Travelouges and Adventure Journals: Keeping Kids Writing Over the Summer

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A lot of students travel in the summer. They go to the beach or to the mountains.  Kids go camping with family or maybe even to summer camp. Families travel far from home and close to home. They visit familiar places like a grandparents or a totally new place like a foreign country. Use these adventures to keep students writing over the summer and prevent summer slide. Continue reading

Science Like a Girl: Exploring Women in the Sciences

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The image above is not an accurate depiction of women in the sciences. When the statistics are examined and looking around the world of science and technology it becomes clear very quickly that there really aren’t a lot of women working as professionals in these fields. In her February 23, 2015 post, “Teaching Science for All: Helping Women Fulfill their Potential”, on the Stanford University Teaching Commons blog Teaching Talk, Mandy McClean points out, “less than one-quarter of bachelors degrees awarded in fields such as computer science, engineering and physics go to women.”  And it isn’t due to the number of women enrolled in higher learning. A recent Forbes magazine report notes that males only outnumber females in higher learning nationally by 2 percent and according to the National Center for Education Statistics, since 1998, women have outnumbered men in post-baccalaureate programs.

So what can K-12 teachers do to encourage girls to choose higher education and future careers in the sciences, math and technology? Continue reading

Close Reading For Homework

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The Common Core State Standards require students of all grades to closely read text. Close Reading is needed in society today. Students need to foster habits of close reading to develop automaticity in reading comprehension. Close reading is a necessary skill. People need the ability to read closely in order to understand complex text. In all areas of life, adults and children need to closely examine text. People need to closely read driving directions. Students need to read and reread the test directions and questions. Directions on medication need to be read carefully. Continue reading

Thank you, Teachers!

We are so honored to work with incredible teachers every day. In honor of Teacher Appreciation Week and National Teacher Day, we created this infographic to share some of the many ways educators go above and beyond for their students. Download it here.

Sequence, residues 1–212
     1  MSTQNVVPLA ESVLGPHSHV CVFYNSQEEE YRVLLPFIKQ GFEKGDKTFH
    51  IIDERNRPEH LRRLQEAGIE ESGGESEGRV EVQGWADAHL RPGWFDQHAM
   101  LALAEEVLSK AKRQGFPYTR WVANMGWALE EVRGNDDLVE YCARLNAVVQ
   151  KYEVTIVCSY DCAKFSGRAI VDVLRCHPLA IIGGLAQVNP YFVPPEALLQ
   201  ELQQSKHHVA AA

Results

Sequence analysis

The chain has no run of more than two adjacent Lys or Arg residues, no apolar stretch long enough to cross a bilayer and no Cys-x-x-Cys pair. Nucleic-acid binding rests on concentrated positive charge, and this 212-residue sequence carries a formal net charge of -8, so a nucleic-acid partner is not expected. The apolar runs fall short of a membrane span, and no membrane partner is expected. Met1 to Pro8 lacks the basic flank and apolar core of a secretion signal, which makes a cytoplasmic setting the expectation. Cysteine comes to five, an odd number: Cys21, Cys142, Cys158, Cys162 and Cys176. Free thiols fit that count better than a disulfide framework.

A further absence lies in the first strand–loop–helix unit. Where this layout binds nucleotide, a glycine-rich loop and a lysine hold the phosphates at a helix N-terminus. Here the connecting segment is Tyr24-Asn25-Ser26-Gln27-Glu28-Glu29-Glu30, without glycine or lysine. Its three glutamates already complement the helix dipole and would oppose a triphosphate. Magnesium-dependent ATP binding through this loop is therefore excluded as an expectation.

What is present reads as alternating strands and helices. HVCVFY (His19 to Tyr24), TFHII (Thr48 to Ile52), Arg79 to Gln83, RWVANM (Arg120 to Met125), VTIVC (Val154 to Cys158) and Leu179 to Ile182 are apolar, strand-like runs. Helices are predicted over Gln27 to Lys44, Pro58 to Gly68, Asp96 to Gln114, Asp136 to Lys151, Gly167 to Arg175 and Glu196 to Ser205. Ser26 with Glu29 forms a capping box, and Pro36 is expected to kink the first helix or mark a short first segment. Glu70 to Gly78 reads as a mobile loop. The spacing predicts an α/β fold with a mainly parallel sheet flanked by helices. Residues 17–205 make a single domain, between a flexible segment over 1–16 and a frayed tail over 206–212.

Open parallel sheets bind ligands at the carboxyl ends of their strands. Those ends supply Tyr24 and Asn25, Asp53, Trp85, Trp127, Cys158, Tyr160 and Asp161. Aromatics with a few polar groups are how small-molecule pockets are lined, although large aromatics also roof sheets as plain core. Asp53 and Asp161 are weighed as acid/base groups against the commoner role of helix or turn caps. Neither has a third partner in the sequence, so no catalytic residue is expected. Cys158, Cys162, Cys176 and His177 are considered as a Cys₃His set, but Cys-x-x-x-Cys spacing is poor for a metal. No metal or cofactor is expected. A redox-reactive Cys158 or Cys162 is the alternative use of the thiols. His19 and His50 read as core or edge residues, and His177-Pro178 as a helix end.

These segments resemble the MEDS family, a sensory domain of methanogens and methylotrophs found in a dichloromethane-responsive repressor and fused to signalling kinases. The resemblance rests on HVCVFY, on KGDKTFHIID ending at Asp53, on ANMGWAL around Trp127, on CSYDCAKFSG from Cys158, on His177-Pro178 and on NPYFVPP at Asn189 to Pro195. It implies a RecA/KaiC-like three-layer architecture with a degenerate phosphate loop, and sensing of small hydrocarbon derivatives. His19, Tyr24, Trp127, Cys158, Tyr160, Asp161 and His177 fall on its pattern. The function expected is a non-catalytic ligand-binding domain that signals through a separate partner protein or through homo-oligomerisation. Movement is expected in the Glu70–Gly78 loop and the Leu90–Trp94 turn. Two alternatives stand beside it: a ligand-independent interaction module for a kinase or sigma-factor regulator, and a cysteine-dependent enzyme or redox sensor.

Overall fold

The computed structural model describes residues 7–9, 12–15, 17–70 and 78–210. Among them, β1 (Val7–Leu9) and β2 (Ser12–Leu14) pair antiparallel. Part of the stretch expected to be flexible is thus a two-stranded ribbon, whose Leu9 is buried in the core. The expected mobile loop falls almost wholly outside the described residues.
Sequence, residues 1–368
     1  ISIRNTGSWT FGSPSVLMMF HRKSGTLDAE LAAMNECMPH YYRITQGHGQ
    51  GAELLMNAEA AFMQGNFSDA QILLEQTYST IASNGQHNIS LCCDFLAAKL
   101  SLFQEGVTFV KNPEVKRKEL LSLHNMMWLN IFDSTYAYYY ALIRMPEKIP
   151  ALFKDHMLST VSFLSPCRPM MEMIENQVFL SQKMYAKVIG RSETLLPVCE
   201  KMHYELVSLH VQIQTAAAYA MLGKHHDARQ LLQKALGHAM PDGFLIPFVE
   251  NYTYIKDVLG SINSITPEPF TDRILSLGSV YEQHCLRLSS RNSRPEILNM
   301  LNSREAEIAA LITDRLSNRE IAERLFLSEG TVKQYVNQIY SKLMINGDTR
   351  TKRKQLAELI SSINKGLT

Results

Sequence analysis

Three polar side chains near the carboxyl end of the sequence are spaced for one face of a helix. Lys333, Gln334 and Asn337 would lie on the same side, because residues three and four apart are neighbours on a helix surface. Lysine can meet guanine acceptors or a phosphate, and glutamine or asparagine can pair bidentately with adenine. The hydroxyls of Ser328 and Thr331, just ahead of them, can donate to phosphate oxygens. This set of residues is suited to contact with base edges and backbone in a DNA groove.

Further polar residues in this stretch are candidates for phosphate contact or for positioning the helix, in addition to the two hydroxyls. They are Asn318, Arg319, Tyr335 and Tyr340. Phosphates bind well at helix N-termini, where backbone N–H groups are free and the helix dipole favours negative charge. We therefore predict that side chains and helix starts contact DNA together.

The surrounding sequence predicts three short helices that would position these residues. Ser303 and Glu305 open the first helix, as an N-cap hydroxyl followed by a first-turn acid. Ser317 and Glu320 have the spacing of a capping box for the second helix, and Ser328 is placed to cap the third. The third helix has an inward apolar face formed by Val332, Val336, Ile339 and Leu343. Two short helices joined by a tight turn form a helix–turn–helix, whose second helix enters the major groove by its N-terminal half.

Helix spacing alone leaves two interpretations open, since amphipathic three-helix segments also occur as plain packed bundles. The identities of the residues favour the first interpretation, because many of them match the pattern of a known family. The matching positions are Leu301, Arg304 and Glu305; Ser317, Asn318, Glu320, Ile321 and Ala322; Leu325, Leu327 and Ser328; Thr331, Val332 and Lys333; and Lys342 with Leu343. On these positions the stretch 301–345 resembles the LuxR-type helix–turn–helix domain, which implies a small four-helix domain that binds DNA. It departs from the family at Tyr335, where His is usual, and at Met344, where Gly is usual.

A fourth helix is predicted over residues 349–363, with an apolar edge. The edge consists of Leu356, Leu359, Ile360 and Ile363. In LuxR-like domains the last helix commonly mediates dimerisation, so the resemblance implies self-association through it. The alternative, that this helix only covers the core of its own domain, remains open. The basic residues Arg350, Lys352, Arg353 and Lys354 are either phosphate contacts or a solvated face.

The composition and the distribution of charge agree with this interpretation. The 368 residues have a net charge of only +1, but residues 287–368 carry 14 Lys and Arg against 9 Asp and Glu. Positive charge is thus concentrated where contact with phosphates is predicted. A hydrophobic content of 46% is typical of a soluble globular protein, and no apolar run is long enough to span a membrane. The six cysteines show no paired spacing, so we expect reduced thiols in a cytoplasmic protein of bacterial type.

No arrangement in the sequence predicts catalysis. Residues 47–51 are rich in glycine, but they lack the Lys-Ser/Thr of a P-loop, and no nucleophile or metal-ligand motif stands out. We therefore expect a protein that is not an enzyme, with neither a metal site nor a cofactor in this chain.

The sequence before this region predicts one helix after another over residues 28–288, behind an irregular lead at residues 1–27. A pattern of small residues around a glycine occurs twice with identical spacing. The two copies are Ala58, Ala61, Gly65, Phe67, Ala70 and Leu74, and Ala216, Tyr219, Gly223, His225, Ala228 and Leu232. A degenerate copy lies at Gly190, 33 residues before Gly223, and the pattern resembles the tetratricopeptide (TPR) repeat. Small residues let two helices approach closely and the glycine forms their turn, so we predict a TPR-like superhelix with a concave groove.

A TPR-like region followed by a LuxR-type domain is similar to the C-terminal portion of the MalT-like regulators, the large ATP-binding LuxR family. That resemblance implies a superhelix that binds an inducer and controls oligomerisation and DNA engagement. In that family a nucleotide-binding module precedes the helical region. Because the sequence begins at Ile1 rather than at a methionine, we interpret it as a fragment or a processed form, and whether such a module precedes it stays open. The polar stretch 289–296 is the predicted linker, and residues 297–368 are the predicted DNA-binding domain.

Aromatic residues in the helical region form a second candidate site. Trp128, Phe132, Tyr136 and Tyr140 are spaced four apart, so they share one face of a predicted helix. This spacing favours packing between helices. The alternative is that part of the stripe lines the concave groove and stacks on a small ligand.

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Writing With Current Events-What’s The Scoop?

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Reading Informational Text

In most cases, when students are reading current events they are digging into informational text. The news is a free source of information that is updated daily. It exposes learners to new events each day. Educators and parents can introduce students to the newspaper, news-based magazines, online news, and televised news. Once kids and teens automate the habit of checking news sources daily, their knowledge and vocabulary will soar.

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Stay Ahead of the Summer Slide

For students, the arrival of spring means a countdown until the last bell rings. What they don’t realize (while they’re preparing to leave school work in the dust) is that most of them will return to class in the fall unable to match their performance on tests from the previous year.

Children from low-income families suffer most. Studies show that two thirds of the achievement gap between high- and low-income students can be attributed to how students spend their summer breaks during elementary school. Those without access to learning resources are less likely to graduate high school and advance to college. [1]

To help tackle summer learning loss, Big Universe has created an infographic you can download for free:

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Click here to download

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